Physicians and hospitals in the USA offer excellent medical care, in quality, quantity, and timeliness, to rich and poor alike. Of course there are exceptions, but, overall, on average, all things considered, we are the best. Please note that I said nothing about our “health care” system or our insurance. I am referring only to the medical services physicians and other trained providers offer their patients. Non-medical “Health care,” after all, consists mostly of advice and is now widely available at no cost on the internet. And, if what we have been doing had been effective, we would not have an epidemic of obesity, heart disease, kidney disease, diabetes, etc.
The US “health care” system continues financially stressed, and dysfunctional, even as Congress fiddles. It was reported last week (Fox News 4/15/15), for example, that the United States House and Senate have passed similar bills that will:
- Stop a scheduled 21% cut in physicians’ Medicare fees (to keep Congress from having to deal with the traditional annual “doc fix.”)
- Provide billions of “extra” dollars for health care for children and low income adults (with no explanation of the source of “extra” dollars.)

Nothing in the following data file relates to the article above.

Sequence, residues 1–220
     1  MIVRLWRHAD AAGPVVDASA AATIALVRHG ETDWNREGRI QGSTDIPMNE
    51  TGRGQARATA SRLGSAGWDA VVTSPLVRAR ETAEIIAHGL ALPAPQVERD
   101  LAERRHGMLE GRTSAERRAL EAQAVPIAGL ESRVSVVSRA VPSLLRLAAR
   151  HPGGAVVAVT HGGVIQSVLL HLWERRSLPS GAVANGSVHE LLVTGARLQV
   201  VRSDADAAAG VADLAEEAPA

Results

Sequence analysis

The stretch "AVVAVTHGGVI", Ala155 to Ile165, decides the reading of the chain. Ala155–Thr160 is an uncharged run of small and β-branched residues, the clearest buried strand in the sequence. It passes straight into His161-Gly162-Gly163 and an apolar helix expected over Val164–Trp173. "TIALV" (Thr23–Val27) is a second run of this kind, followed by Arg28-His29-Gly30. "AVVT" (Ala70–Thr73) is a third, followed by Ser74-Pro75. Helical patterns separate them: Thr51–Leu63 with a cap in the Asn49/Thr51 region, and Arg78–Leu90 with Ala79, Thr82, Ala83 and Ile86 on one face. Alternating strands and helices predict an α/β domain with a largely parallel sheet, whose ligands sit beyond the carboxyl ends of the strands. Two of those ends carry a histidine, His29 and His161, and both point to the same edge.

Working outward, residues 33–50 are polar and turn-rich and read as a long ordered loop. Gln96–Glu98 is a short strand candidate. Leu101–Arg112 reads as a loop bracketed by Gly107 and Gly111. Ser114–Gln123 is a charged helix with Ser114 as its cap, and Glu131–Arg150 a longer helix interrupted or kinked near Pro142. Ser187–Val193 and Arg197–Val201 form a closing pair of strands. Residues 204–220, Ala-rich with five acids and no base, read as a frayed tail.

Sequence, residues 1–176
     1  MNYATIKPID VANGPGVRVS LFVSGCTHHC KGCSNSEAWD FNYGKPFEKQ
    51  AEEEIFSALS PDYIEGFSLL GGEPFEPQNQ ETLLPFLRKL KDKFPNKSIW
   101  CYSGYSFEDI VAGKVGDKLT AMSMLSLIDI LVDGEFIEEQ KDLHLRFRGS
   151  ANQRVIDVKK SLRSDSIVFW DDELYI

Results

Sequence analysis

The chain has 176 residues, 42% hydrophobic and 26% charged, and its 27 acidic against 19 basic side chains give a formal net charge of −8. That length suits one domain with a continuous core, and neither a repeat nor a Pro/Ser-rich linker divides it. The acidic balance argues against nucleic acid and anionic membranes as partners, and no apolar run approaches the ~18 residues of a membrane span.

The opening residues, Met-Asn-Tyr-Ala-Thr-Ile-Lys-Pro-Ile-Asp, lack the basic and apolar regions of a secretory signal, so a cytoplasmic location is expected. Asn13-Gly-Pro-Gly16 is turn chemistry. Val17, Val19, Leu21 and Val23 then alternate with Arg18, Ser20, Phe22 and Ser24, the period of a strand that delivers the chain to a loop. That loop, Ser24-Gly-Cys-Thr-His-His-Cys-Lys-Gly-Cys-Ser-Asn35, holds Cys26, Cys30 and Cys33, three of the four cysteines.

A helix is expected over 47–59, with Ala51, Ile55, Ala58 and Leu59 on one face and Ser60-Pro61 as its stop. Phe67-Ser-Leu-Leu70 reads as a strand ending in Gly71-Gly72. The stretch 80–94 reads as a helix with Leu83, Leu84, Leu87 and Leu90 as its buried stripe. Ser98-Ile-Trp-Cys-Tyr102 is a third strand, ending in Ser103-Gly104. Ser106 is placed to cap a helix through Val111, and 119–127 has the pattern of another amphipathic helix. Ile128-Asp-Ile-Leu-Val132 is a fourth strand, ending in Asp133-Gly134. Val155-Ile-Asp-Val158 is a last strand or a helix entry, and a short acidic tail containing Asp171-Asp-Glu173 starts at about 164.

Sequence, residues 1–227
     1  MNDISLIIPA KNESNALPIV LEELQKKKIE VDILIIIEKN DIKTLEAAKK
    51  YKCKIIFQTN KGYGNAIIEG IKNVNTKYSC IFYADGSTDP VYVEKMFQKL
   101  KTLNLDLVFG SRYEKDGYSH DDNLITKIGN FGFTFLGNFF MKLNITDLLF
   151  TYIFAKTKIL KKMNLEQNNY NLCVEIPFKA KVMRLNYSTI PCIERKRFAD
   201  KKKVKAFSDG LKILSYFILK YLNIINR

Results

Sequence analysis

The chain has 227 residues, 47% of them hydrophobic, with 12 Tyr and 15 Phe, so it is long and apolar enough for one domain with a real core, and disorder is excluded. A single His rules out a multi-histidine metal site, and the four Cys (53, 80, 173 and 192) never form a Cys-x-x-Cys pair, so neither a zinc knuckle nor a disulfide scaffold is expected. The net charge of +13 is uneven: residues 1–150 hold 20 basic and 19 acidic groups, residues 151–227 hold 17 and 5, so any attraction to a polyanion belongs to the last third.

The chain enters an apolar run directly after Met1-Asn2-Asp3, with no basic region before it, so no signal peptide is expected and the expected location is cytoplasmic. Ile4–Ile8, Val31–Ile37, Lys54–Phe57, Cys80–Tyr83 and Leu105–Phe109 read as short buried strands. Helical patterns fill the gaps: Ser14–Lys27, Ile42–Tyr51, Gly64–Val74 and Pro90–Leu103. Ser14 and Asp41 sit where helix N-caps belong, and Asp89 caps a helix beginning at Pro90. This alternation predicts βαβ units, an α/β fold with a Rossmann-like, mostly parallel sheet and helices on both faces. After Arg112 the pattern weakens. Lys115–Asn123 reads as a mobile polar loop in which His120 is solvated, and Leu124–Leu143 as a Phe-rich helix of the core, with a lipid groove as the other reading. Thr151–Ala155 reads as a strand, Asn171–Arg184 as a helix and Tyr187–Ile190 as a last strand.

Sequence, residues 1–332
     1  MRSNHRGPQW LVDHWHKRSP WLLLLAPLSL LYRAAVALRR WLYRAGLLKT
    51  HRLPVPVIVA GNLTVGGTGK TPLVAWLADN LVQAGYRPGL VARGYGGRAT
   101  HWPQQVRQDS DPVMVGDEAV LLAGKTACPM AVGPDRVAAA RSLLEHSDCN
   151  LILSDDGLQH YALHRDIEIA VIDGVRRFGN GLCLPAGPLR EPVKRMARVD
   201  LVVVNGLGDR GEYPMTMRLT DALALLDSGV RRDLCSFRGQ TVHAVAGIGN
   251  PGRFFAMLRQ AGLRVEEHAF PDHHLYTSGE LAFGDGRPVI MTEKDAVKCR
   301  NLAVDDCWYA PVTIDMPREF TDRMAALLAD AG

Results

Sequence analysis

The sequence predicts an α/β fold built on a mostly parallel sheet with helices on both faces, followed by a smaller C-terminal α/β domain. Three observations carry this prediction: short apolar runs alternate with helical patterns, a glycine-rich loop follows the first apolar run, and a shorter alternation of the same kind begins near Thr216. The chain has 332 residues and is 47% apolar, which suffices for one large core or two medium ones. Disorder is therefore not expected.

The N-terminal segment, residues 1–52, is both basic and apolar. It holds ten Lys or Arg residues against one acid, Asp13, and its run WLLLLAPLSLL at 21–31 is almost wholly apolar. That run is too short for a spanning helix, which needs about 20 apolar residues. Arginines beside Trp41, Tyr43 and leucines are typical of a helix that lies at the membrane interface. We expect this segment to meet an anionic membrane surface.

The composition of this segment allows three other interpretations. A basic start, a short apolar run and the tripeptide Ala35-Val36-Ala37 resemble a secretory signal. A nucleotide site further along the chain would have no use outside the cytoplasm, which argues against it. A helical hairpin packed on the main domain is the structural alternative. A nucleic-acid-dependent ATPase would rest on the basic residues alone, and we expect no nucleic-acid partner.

- Provide additional money for community health centers, (great vote getters for members of the House of Representatives.)
The article goes on to say that 66% of the cost of the new legislation is unfunded so apparently must be covered by borrowing, creating additional federal debt. And John Boehner brags, “For the first time in nearly two decades – and without raising taxes – Congress has come together in a bipartisan way to pass meaningful entitlement reform.” That is an unbelievable statement.
About 16% of the cost of the new legislation will be covered with higher Medicare prescription drug premiums, and about 17% with lower Medicare reimbursements to hospitals. Given the current major trend of hospitals buying up physician practices and putting the doctors on salary, I can’t help wondering about the net effect on physicians of raising physician reimbursements while cutting reimbursements to the hospitals that are employing more and more of them. Is it any wonder that we see an increase in “concierge” practices?